It is important to control your gestures, because just as much as they can help bringing your message across, they can also distract from what you have to say, if they are repeated too often or are employed in the wrong manner.

3. Why is your voice so important?

We have already learnt that 1/3 of the impact you make on your audience is defined by your voice.

Your voice is a powerful tool, as it adds meaning and significance to your words. Just image in in how many ways one can say "Well, this is great news." Your voice also expresses feelings and temper on an emotional level.

It all depends

This is why speeches, discussions, negotiations and client services require a conscious use of voice and intonation. The way you speak during the day can greatly differ and depends on the role you are in: you speak in a different manner to your boss than you address your friend in and yet in a different one when communicating you your parents.

The voice has always been a part of self presentation and a part of study, already in ancient times (remember Cicero, the Roman philosopher, politician and orator).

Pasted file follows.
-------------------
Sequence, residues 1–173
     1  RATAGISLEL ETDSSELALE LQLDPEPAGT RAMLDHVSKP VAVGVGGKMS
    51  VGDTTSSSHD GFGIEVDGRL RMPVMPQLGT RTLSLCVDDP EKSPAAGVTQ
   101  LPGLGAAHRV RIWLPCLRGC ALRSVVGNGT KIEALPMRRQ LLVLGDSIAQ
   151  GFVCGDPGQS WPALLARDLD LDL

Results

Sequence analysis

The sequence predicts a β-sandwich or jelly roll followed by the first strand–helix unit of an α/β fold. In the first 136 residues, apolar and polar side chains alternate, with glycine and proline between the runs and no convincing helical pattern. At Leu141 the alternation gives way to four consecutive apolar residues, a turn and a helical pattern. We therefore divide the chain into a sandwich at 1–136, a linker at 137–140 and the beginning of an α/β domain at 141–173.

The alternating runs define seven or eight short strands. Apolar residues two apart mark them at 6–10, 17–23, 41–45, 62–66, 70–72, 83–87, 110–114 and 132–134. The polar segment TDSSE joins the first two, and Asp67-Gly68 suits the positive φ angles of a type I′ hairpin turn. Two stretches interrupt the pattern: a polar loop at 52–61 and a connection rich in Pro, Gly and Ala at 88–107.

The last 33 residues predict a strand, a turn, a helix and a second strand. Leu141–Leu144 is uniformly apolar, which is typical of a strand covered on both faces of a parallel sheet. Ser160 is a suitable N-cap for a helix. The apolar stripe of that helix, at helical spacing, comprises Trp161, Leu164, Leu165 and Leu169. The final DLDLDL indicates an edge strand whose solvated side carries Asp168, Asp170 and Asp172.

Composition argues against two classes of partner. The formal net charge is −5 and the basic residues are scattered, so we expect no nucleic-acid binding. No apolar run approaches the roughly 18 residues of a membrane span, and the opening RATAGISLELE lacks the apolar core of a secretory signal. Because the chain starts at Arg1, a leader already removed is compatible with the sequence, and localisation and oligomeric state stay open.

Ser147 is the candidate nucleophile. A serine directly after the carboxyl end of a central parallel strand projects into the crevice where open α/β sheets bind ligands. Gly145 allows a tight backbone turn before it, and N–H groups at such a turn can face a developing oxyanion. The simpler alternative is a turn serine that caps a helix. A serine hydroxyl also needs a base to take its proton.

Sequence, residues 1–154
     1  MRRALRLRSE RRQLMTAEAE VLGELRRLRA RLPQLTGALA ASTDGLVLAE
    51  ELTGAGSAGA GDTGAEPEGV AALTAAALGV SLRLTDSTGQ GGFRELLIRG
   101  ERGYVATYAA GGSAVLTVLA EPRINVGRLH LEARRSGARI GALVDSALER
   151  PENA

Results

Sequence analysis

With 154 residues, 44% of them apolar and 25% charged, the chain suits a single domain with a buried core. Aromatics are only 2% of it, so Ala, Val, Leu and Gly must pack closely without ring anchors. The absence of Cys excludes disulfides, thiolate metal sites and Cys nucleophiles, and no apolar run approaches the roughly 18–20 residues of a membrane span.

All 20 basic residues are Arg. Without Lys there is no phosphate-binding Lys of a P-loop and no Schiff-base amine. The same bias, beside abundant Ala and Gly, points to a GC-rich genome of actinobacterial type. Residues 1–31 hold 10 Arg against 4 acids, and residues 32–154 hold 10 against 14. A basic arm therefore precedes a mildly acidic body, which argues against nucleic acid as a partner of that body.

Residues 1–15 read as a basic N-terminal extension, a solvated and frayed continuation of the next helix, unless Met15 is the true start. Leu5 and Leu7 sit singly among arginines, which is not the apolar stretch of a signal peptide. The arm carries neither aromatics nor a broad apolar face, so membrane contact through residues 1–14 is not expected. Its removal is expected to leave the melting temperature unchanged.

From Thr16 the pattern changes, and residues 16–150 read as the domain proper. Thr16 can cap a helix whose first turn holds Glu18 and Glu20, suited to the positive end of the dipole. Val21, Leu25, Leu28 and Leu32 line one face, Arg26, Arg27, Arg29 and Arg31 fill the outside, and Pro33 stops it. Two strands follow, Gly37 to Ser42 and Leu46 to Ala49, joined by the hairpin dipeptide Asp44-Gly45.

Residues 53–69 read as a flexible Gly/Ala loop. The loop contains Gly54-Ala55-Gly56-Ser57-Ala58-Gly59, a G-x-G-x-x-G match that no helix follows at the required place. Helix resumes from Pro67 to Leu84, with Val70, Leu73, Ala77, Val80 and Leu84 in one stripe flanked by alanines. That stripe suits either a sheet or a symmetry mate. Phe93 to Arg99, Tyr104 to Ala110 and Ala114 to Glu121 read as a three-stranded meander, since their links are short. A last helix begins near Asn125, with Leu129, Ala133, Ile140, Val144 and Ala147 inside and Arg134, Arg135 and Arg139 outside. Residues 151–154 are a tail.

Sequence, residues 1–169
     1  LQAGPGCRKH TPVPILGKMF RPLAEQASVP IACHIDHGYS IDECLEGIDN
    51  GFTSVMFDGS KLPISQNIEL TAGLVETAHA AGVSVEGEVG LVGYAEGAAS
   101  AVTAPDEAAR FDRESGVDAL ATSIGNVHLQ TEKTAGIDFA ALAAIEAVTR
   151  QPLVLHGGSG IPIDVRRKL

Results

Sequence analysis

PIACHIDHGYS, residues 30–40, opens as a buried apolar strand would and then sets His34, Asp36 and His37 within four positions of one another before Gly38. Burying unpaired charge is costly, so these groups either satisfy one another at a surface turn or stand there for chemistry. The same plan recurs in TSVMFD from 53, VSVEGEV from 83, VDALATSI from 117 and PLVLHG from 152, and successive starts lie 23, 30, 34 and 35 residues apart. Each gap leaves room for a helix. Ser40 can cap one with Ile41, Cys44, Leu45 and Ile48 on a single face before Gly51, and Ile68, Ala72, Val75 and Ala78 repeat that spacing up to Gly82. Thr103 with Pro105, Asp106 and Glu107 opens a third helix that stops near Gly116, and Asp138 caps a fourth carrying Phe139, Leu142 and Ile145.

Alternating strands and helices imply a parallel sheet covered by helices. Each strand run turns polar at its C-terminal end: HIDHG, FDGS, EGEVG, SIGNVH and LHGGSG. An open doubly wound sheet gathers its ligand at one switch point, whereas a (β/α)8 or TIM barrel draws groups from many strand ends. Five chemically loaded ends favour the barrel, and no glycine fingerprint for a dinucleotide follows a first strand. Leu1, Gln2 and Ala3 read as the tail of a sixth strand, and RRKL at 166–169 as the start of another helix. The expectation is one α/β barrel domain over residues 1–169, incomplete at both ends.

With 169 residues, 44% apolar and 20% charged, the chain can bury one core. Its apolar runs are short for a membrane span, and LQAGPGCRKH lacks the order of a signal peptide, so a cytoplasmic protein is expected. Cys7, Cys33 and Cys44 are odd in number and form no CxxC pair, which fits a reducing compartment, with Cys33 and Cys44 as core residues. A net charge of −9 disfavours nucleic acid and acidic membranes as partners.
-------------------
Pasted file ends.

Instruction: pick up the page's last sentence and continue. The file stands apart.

There are three signals your voice transmits:

  • it defines meaning (and can change it)

  • it creates doubling (enforces meaning)

  • it makes conclusions about the character of a person (is he shy, open, competent, hysterical, ...)

Our voice accounts for 30% of the public speaking performance.

4. Your audience

Public speaking is no public speaking without an audience. Anything from three people up can be considered a audience. Before walking into your presentation, it pays off to understand:

  • Who is your audience?

Are they experts in the field you are about to address or are they are just generally interested in this topic?

  • What questions might they have?

Imagine concrete questions and develop good answers. Think: what would you ask if you wouldn't know the topic? Is everything clear or might you have missed something?

  • What is the one thing you want them to remember after they walk out of your presentation?

Repeat this over and over again. Say "when you walk out of that door, I want you to remember this one thing (and then say what you want them to remember)". According to one of TED's great orators people only hear about half of what you say and then they filter this through their own perspective. Repetition is the key to make clear what is your most important point.

  • Motivate them to ask questions